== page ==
“On one morning last week, other players were shouting at a teammate ‘pass, pass pass’. Where has this come from? It’s only come from the adults.
“We have to allow kids from the ages of 7 to 12 to be on the ball. People will say ‘what happens if they lose the ball and the other team score?’. Well, it doesn’t matter because the scores aren’t supposed to be kept and a kid will only learn from making mistakes.”
SCW: For some coaches and parents, meaningful competition means winning. But what does it mean to you?
RA: “It means put a ball down for two kids – they will bring competition to the table. “I think that’s one of my challenges to get through to coaches. We’re trying to impart our knowledge but the kids are not interested really – they’re not at school.
“It’s a case of setting an environment: there’s the problem, who is going to solve it? The best players at that given time will solve the problem quicker.
“In one session of a coach I was mentoring, a game finished 6-0 to one team. I was doing a bit of a debrief afterwards and asked who picked the teams. He said the kids did.
“Well, kids aren’t stupid, they will pick the best players. You have got to balance it out – have your best attackers against your best defenders so we have got something that looks like the game of football.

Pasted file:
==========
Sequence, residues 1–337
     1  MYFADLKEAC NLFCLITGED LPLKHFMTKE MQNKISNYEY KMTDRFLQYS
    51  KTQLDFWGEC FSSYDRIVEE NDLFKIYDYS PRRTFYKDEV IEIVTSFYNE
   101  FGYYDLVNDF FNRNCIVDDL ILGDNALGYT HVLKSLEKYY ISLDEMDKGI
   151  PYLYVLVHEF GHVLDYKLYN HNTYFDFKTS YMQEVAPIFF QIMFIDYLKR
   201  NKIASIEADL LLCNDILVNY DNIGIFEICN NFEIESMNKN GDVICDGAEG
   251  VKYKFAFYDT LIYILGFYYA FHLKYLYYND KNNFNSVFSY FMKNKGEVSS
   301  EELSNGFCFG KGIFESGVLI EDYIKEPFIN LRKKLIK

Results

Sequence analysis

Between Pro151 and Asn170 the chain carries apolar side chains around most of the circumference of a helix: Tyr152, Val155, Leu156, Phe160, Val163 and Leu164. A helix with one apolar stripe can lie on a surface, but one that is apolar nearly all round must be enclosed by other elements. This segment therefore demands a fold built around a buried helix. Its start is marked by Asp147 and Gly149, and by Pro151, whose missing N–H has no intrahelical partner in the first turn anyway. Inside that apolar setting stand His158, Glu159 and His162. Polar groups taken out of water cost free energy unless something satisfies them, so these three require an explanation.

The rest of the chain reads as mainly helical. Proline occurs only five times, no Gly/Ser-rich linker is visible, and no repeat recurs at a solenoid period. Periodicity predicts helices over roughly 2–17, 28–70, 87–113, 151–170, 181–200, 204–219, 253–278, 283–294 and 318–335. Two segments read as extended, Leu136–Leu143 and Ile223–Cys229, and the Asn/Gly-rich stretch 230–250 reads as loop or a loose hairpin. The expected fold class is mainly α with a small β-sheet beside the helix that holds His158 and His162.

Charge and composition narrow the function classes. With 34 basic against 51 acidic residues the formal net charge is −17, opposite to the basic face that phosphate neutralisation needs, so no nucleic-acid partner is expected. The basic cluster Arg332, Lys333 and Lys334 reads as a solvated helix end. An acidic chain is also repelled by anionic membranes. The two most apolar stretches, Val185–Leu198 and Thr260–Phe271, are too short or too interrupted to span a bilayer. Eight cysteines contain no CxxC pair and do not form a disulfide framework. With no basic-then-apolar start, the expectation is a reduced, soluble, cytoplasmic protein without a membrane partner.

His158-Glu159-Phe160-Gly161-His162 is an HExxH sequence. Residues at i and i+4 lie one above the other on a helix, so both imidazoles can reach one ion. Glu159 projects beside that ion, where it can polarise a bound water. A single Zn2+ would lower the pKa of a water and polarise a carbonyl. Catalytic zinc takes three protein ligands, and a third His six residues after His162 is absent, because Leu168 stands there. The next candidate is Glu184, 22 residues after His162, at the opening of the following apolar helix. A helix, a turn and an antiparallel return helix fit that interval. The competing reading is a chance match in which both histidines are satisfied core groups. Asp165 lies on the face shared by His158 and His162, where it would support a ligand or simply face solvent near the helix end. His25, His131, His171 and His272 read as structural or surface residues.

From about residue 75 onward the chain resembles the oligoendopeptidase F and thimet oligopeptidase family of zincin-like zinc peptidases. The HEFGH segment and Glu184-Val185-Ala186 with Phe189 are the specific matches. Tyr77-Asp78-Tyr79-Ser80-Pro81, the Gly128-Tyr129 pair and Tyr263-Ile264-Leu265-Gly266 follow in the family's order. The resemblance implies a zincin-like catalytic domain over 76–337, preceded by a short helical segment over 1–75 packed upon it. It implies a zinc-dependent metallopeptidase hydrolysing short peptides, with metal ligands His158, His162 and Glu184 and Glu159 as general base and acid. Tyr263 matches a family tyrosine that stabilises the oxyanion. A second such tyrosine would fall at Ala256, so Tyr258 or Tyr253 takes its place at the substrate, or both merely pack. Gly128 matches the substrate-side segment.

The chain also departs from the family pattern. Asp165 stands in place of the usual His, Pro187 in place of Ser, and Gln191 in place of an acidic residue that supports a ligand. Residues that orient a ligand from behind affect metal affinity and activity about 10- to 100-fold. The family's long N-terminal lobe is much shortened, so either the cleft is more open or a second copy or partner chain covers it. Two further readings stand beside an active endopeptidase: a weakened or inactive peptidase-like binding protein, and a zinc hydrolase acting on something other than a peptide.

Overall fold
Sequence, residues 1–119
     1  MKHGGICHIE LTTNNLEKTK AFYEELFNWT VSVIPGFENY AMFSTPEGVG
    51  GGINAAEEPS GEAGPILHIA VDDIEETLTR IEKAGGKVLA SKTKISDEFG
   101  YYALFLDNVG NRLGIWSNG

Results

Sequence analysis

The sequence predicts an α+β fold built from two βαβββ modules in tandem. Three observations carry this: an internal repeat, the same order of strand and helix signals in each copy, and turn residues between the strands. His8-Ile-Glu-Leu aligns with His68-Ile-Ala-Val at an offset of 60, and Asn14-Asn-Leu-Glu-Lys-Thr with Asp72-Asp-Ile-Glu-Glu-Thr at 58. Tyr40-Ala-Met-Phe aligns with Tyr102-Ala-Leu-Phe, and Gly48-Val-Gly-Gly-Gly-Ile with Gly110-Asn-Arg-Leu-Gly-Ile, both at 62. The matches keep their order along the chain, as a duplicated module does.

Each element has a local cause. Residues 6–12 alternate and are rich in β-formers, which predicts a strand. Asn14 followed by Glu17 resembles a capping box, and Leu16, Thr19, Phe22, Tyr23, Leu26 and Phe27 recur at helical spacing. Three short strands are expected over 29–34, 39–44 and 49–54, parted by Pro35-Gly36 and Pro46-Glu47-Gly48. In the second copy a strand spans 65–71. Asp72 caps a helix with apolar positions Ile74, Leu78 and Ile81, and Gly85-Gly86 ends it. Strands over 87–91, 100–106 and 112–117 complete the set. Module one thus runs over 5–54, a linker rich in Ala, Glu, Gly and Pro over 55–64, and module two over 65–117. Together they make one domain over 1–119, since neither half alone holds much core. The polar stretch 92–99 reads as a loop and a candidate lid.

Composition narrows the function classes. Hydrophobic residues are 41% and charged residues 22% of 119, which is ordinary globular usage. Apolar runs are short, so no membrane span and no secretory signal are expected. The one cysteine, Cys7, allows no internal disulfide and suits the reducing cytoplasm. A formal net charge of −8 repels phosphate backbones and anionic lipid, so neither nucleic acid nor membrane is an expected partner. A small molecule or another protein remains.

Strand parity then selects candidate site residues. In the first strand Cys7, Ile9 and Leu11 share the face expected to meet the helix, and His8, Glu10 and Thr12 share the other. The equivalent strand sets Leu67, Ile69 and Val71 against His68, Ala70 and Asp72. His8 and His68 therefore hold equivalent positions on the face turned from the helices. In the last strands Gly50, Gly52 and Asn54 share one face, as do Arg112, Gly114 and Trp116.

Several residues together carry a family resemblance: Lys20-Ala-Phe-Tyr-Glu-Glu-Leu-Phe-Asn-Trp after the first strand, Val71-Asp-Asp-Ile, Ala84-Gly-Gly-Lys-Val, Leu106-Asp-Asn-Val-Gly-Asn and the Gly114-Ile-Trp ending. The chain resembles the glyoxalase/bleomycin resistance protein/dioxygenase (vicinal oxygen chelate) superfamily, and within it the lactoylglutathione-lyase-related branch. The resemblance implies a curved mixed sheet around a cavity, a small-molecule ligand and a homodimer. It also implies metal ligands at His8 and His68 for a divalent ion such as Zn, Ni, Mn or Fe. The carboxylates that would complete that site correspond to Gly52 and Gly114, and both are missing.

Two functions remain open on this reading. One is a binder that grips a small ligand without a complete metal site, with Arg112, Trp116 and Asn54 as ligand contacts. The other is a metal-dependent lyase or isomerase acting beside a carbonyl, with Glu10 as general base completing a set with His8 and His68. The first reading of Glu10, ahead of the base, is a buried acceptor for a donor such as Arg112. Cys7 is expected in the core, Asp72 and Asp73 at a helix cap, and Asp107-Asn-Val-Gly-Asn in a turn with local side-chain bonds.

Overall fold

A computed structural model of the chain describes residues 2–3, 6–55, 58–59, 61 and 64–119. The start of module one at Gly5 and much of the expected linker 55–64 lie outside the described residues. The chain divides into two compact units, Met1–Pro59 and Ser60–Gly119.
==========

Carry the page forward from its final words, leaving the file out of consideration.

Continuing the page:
“I would rather get beat 3-2 than win 10-0 because I will have learned something.”
SCW: Have you got any tips for coaches managing parents on sidelines?
RA: “At the start of the season at Blyth, we have a coaches meeting and one of the questions I put to the group is ‘Do you hold regular parents meetings?’.
“Mostly the answer is ‘not really’, or they might have one at the start of the season or if there’s a problem.
“But how are you going to manage parents’ expectations without having that discussion? How are you going to explain to them what you are doing, what your beliefs are, what is in your DNA?
“We have to give the coaches something they don’t get on a coaching badge – this skillset to hold a meeting and pass information to the parents.
“We’ve got parents paying £5 to their child to score a goal. So you’ve got a young boy or girl picking up £35 a week for scoring all these goals.
“That’s not healthy, because they will get to the stage where they aren’t going to pass to anybody or won’t want to play in a different position where they might not score many goals.
“One of the big questions for my coaches is how do you manage the expectations of the parents?”
SCW: What does a good session look like for you?
RA: “I ask ‘would you want to play in that?’. And I have actually had an answer back from a coach – who was a professional footballer, would you believe – who said ‘no’.